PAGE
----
Chung, Brown); Chapter 6. Is 12-Month Old Word Learning Domain-General,
Socially Determined, or Emergent?

In the main set of nine experiments, labeled experiments 4 through 12, the
experimental subjects shift to 12-month-olds exclusively. Experiments 4
through 9 (Chapter 5) question how much stimulus is necessary for a
12-month-old to conclusively respond to an object label. The answer seems to
be, a great deal; while the naming performance of the experimenter does not
seem to impress an infant easily or initially, repeated insistence does
eventually result in name recognition. The eventual use of heavy repetition
(the name pronounced ten times in a short timeframe) suggests to the
experimenters that it is precisely a coalition of factors that result in
naming, and that the augmented strength of any one of several factors may
result in a learning event.

Experiments 10 through 12 (Chapter 6) start from this observation and
attempt to use it to pinpoint the domain-specificity of word learning. "If
early word learning relies primarily on associative processes, then babies
should link, for example, musical notes or noises to objects just as they
link words to objects" (86). Whistles, clicks, and then digital sounds are
added to the environment, but fail to attract the infant's attention. In
Experiment 12 perceptual salience is added back into the mix, and here the
coalition of cues does result in a naming event, suggesting that "the
emergentist hypothesis is correct: young word learners will accept object
noises as 'labels' if they are given enough attentional and social support"
(96). The contrast with the earlier experiments shows that "apparently, by
12 months of age, babies already know that sounds that do not emanate from
the mouth are a bad bet to serve as labels" (98).

Chapter 7. General Discussion.

In their discussion, the authors return to their three primary hypotheses
and review briefly how the experimental sequence confirms them. The immature
principle of reference, accessible to early infants but associated primarily
with the subjective point of view, undergirds a mature principle reference
that starts to emerge by 24 months of age and is able to respond to and
incorporate third-party points of view and so social facts. Some suggestions
for future research are indicated.

Commentary. Pushing the Limits on Theories of Word Learning. (Bloom)

Bloom's brief but dense commentary may be the most bracing section of this
book. An important researcher into child language development from the
empirical (observational) side (see Bloom 1973, 1991, 1993), Bloom seems to
see into theoretical questions only glanced at by the main authors. To her,
too, collaborative and integrative approaches, to which the authors'
emergentist approach claims membership, might come "closer . . . to the
truth" than more exclusive approaches (126). Nevertheless, some specific
aspects of the experimental sequence seem narrow: "development from a
first-person perspective in expressing the child's own intentionality to a
concern for the intentional states of other persons is a more general
developmental phenomenon and is not limited to a principle of reference for
word learning in the 2nd year" (127). This leads her to raise three areas in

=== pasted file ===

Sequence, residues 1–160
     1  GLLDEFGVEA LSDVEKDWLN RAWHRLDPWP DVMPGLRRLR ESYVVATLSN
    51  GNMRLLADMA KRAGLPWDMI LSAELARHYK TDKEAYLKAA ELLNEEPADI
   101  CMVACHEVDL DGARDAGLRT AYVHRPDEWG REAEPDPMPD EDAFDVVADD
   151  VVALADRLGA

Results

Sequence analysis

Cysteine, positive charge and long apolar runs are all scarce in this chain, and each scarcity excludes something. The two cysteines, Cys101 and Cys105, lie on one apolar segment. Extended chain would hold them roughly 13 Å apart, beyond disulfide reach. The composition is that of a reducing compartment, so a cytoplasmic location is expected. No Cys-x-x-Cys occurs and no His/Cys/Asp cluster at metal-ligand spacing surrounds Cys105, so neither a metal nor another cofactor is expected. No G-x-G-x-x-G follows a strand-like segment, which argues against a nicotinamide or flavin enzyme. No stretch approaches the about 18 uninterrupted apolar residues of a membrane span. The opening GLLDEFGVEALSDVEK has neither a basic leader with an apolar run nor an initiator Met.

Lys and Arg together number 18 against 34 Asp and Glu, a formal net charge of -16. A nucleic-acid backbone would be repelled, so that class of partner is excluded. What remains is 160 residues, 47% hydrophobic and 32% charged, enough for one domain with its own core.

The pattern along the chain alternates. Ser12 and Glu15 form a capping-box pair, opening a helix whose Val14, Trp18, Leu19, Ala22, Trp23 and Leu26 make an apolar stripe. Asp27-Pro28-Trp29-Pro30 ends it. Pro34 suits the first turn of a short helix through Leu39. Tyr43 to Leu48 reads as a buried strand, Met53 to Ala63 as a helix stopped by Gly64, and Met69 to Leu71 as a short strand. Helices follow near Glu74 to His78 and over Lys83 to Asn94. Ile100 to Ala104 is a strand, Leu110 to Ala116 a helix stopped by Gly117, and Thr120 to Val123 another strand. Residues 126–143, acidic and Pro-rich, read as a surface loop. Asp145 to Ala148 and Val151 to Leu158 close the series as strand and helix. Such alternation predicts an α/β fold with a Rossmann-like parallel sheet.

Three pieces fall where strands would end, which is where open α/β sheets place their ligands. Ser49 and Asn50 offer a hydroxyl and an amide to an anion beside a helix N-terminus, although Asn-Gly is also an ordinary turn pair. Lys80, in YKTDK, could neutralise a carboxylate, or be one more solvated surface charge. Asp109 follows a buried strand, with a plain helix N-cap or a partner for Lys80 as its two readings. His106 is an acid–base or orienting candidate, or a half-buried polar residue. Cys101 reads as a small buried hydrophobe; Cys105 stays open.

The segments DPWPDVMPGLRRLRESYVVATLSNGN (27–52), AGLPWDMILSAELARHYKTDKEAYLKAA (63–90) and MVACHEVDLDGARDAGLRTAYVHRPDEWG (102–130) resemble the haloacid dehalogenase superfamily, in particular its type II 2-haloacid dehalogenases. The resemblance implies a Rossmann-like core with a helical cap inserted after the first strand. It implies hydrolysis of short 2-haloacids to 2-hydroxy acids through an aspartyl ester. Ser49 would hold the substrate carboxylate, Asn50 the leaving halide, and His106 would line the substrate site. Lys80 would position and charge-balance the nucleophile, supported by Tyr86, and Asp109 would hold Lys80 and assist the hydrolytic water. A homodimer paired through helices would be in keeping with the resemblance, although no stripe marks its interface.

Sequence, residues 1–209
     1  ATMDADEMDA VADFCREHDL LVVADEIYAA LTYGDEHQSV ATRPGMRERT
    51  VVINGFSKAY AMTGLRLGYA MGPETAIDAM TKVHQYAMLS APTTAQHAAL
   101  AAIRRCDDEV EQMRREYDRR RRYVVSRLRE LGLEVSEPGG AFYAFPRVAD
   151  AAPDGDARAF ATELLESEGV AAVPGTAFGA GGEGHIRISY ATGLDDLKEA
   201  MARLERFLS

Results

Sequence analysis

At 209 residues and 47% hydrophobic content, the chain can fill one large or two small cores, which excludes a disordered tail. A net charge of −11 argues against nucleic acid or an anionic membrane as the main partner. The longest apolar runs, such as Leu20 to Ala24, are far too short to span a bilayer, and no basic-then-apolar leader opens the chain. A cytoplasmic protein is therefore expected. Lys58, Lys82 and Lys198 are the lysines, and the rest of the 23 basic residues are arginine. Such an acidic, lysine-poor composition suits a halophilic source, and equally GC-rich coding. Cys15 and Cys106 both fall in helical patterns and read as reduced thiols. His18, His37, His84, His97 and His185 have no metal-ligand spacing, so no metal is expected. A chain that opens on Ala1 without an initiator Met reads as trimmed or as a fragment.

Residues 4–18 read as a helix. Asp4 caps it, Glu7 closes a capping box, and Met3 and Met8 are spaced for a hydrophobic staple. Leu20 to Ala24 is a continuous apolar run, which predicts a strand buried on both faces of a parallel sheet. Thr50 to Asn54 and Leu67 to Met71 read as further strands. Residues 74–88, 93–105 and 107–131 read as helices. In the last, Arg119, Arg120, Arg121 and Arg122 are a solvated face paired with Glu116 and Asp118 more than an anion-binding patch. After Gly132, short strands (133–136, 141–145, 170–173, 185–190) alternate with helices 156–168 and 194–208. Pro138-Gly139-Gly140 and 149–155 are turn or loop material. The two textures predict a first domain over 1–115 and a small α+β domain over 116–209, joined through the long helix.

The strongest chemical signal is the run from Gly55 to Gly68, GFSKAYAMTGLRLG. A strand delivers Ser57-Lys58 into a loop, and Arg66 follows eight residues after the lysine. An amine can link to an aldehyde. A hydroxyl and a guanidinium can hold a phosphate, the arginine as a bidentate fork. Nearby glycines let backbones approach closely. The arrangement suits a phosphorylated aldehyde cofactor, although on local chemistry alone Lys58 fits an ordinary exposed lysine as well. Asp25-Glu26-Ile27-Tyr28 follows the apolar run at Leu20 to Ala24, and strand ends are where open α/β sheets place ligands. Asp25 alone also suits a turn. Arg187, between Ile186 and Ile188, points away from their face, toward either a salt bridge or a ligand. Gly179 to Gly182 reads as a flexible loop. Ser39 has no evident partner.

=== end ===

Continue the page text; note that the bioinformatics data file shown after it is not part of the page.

which experimental research programs in general seem to her to be
problematic: "the persistently myopic focus on object words in word learning
research; the phantom child in the model; and the missing affect in theories
and research on word learning." Both in general and, as the authors admit,
in this Monograph, an untenably direct mapping of word to object is assumed,
since "words do not map directly to objects and events in the real world"
(128). So is the principle of reference the authors locate "also the
'heuristic' the child uses to test alternative hypotheses about what a word
might mean, and therefore explain developmental change? Or, more likely, is
the principle a convenient and accurate description, after the fact, of the
developmental changes that take place in the process of word learning?"
(129). Thus the authors have relied on a relatively circular theoretical
mechanism that helps to obscure the more central fact that "the changes in
word learning that take place in the 2nd year are epiphenomenal--a
by-product of developments in perception, cognition, and social sensitivity,
rather than attributable to development of the specifically lexical
principle of reference offered to explain it" (130). As the authors
acknowledge, the focus on nouns seems not to comport well with the way
infants actually do learn language. Whatever word learning mechanisms they
use apply with equal efficacy to words across classes: "even if verbs and
other words that are not object names represent less than half, or a
quarter, or only a tenth of a child's first 50 words, object specific
principles cannot explain early word learning unless the principles
themselves are tinkered with by building in ad-hoc procedures for
'overriding' them" (131).

Briefly, Bloom's "phantom child" problem refers to the "missing authority of
the child in the acquisition process," "the active, on-line thinking that
goes on in the moments of word learning"? (132). "Missing affect" refers to
the fact that the experimental sequence uses object salience as a proxy for
interest, therefore bypassing the critical place of the "child's affective
investment in the task," in a sense ruling out critical social knowledge
even in the course of attempting to reflect it.


Readers familiar with Hirsh-Pasek and Golinkoff (1996) will note a shift in
focus from determining the origins of syntactic principles toward locating
what they call the "origin" of word learning but seems more directly to be